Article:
At $8.5 billion, the acquisition of Skype is probably Microsoft’s biggest. MS tends to buy much smaller outfits, where it integrates technology. It is clearly trying to build a compelling online presence with Microsoft Live and xBox Live.
One could argue, $8.5 billion is the only way Microsoft will ever get people to buy Windows Phone. Skype is cross-platform so Skype users may be worried that they’ll all need Microsoft Live accounts, or worse, Windows hardware. Perhaps Microsoft will attempt to integrate Skype into future versions of its operating systems. One can see how a version of Embedded Windows with Skype may be compelling for TV manufacturers who could offer armchair video conferencing on their LCD and plasma TVs.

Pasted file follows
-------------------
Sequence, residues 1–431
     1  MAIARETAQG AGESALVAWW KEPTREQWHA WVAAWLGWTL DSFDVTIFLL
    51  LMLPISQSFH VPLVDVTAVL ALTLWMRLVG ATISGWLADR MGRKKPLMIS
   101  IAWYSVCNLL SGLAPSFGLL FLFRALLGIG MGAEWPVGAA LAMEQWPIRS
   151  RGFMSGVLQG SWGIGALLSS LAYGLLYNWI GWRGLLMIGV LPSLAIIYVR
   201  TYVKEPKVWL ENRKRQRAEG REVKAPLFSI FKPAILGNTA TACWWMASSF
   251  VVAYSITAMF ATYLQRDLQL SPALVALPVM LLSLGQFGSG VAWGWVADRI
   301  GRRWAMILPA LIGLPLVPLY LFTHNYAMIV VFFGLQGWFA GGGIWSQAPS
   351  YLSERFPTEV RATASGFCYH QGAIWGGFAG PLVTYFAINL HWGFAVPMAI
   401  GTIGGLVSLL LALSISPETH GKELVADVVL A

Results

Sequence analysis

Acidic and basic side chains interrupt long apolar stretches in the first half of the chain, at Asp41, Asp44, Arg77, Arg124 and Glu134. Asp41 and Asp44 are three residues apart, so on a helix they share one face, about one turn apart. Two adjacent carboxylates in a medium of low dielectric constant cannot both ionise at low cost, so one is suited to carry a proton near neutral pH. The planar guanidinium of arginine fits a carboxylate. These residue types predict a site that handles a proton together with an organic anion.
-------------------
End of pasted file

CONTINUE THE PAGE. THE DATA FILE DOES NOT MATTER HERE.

But what about the enterprise? I think $8.5 billion is a lot to spend. And it is hard to see how, with Skype, Microsoft will offer smaller, medium and larger organisations anything they cannot already get.
So if MS is spending this much on effectively buying a bigger stake in the consumer market, will it continue to develop enterprise products with the same zeal it has done previously. The enterprise is slow-moving, dislikes big changes. Windows 7 is a success, but look how long it has taken Microsoft to get there.
So perhaps, with the acquisition of Skype, Microsoft CEO, Steve Ballmer, is showing the world that Microsoft will buy its way into the consumer space, irrespective of cost, and arguably, at the expense of innovation in the enterprise.